As an example, yesterday my husband didn’t go to work (cue: spontaneous moment!). So I thought I would use the opportunity to get my hair done, and got my passport photos done and collected a passport application form. I also dropped off a donation of rice to a local charity. Then I got home and cooked dinner, before it was time to collect the kids from school and then I went to work. After work, I spent an hour studying for my University exam before reading a book and then going to sleep.

I enjoyed my day, because I did something for myself and I also did something for others. The satisfaction I received from these two tasks outweighed any satisfaction I have ever felt spending 6 hours straight doing housework.

I didn’t vacuum the rug. I didn’t do a load of washing. Even the beds were unmade. But that didn’t matter, because all five of my family were happy and healthy, and that’s all that matters.

Part of being unbusy is lowering your expectations of yourself and others around you. You don’t need to have a house that is 100% spotless when you have children in the house. You don’t need to pack 27 tasks into your day just to feel like you have been productive or achieved something.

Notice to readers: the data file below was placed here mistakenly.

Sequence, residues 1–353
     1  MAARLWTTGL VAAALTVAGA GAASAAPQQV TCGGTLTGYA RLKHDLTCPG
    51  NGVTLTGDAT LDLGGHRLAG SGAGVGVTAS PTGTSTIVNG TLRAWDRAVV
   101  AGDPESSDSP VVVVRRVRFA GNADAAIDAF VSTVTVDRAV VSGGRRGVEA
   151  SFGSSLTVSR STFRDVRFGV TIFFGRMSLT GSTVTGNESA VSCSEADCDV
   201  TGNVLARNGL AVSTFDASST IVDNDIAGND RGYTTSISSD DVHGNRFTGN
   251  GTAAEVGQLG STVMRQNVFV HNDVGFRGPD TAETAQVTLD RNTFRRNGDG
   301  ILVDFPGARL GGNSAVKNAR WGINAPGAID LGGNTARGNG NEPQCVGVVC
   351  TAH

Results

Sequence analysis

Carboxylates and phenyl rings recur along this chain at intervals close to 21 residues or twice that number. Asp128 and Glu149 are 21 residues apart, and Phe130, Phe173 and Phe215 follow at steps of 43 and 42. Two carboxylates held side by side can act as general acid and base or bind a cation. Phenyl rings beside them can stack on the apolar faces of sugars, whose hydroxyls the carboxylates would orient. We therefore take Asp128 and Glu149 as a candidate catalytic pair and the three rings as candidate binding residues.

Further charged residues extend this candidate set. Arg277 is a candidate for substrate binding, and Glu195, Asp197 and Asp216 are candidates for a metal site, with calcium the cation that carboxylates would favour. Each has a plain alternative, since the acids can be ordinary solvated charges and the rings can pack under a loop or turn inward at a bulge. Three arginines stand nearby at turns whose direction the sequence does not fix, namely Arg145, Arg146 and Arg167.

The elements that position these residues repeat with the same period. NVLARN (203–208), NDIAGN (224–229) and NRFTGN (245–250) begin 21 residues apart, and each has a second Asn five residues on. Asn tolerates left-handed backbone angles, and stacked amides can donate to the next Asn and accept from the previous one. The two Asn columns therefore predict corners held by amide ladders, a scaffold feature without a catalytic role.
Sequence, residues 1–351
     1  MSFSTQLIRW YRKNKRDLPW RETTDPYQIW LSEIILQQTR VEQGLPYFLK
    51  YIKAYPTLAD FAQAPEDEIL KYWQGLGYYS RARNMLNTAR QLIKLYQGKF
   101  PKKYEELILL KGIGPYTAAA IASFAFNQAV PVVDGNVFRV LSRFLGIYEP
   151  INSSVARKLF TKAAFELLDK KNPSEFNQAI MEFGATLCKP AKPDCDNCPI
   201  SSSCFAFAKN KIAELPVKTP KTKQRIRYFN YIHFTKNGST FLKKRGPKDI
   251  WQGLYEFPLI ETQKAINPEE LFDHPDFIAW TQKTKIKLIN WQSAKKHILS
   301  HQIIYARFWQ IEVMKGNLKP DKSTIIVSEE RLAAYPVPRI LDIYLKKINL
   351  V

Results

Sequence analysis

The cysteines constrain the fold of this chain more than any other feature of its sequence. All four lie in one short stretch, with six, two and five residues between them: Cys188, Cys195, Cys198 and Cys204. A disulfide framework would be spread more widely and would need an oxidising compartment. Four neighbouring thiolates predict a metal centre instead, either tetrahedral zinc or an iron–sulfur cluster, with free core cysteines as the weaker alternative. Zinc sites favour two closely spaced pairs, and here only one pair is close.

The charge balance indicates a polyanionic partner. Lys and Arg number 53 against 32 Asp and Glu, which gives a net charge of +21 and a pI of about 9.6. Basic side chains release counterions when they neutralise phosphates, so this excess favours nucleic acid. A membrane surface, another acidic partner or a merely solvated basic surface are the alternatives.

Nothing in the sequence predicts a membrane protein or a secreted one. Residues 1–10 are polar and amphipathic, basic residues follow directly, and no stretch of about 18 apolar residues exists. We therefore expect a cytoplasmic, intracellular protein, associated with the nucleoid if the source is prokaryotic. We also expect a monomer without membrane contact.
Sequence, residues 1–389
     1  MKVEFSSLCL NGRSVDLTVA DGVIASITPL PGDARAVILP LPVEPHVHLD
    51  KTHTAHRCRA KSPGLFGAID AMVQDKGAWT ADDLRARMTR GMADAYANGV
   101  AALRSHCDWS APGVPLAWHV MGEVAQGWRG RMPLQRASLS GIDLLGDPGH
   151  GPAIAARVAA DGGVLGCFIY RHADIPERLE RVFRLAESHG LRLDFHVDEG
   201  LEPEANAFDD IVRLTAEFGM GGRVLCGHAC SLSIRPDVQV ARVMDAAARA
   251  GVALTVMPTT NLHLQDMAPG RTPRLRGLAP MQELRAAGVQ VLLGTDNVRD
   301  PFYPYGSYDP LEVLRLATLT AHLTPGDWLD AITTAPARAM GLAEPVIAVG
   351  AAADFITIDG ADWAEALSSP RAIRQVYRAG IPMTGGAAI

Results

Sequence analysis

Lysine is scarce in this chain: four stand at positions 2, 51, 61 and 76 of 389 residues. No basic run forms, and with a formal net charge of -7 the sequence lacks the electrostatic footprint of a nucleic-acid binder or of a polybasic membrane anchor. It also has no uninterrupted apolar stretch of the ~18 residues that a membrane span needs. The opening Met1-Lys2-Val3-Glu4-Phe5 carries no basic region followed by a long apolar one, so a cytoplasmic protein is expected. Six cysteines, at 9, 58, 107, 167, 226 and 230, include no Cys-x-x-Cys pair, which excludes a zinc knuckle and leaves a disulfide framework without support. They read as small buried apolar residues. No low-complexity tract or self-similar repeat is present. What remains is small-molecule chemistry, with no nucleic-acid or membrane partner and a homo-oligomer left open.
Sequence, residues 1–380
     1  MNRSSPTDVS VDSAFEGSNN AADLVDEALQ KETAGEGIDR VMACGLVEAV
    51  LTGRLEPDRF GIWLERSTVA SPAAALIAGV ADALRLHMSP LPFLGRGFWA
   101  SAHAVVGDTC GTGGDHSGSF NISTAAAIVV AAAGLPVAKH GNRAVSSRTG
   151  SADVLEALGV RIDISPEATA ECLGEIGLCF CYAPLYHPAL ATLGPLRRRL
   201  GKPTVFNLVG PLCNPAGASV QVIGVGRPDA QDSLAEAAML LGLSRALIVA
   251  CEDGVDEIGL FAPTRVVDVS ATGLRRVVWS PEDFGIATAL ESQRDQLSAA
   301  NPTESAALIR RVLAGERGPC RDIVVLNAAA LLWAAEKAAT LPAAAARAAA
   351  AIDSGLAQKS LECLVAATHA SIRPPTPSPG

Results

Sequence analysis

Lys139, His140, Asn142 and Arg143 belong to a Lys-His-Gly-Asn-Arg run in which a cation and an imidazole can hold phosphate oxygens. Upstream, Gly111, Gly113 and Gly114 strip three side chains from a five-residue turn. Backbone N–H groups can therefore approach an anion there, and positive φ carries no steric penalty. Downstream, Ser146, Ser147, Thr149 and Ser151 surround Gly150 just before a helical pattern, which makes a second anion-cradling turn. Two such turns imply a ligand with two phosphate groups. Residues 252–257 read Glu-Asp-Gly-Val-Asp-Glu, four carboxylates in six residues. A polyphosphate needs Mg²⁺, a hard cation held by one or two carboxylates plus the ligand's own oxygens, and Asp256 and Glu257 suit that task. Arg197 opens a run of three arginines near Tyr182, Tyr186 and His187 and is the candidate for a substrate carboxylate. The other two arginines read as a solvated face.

You are allowed to be spontaneous and do something fun or different each day. That’s what living is all about!

So I encourage you to throw away your to-do lists and focus on completing 3-4 tasks that are absolutely essential each day and anything else you manage to complete is an added bonus. Let me know how you go and whether you notice anything different about how you feel each day!

Nat xx

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  1. This multiblogging mum has ditched the lists as I kept forgetting to write them!